An NCAA exception permits a student-athlete to accept actual and necessary travel, room and board expenses from an organization (NBA) to attend the pre-draft camp in Orlando at Disney's Wide World of Sports Complex to be held May 27th through May 30th. Invitations for the 64-68 players are selected from a pool of seniors, international draft eligible, domestic early entrants and international early entrants.

Actual and necessary expense paid individual workouts held after the Orlando showcase with a professional team or at combine including that team are also permissible for the student-athlete as long as the duration does not exceed 48 hours and class is not missed. The 48 hour clock begins ticking as soon as the individual arrives at the tryout location. Self-financed tryouts can be any length as long as the student-athlete does not miss class.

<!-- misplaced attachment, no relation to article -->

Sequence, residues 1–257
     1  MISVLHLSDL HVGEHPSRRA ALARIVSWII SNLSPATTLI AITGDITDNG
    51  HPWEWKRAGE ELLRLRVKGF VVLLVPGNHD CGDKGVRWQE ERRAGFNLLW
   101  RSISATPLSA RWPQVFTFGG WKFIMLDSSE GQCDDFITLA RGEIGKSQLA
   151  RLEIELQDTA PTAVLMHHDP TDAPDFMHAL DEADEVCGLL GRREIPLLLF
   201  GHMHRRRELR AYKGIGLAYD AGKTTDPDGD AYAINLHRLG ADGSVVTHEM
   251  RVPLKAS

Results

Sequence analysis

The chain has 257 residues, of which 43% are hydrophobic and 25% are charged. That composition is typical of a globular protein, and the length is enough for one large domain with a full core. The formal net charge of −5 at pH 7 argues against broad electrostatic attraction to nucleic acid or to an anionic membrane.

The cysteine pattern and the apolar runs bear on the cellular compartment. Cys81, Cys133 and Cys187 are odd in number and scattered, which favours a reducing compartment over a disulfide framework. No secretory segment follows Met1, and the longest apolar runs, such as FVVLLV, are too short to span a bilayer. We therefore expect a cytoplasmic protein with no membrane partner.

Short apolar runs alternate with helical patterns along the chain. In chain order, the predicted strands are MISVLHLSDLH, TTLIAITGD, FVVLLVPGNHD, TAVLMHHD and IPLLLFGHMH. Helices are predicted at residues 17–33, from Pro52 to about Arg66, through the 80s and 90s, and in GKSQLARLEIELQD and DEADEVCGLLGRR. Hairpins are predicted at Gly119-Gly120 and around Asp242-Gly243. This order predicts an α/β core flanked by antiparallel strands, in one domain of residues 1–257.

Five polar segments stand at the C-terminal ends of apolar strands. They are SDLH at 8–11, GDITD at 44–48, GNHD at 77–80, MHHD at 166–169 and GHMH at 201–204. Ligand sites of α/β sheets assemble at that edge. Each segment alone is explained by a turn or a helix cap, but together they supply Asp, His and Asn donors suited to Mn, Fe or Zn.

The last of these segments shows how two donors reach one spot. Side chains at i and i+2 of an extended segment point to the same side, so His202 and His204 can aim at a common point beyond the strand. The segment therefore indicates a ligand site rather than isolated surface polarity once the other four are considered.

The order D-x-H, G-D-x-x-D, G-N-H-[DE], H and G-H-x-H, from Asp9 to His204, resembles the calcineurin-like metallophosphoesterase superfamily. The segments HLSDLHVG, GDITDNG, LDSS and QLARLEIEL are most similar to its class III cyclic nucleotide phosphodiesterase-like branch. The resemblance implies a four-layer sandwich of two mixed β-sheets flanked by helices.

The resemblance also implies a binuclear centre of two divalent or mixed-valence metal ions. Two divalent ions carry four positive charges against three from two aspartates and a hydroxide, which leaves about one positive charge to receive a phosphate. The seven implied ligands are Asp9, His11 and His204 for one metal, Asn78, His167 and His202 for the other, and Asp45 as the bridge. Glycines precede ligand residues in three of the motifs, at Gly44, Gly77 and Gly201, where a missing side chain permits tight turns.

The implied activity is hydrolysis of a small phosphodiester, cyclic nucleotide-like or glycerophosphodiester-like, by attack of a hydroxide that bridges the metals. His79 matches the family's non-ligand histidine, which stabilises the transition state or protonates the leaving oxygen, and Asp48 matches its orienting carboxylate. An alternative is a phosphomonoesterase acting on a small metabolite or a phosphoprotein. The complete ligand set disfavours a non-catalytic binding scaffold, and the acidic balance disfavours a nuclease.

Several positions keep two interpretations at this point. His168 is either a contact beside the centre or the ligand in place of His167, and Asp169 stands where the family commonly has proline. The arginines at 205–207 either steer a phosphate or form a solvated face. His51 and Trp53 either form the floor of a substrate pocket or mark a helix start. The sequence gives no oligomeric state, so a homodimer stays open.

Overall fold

Holder of state high school shot blocking records for a game (14), season (221) and career (667) along with the rebounding record (1820), the former Athens High School legendary star vacillated between Alabama and North Carolina before selecting the Crimson Tide at an afternoon press conference on October 19, 2004. "The biggest thing was the fact that the Alabama program is headed in the right direction," Hendrix replied about his decision that day. "I wanted to be a part of it. They have a lot of good recruits coming in and they are a step away from being a powerhouse." Alabama basketball's decline the past two years has moved the program a gigantic stairway leap away from reaching the pinnacle of college basketball's Final Four.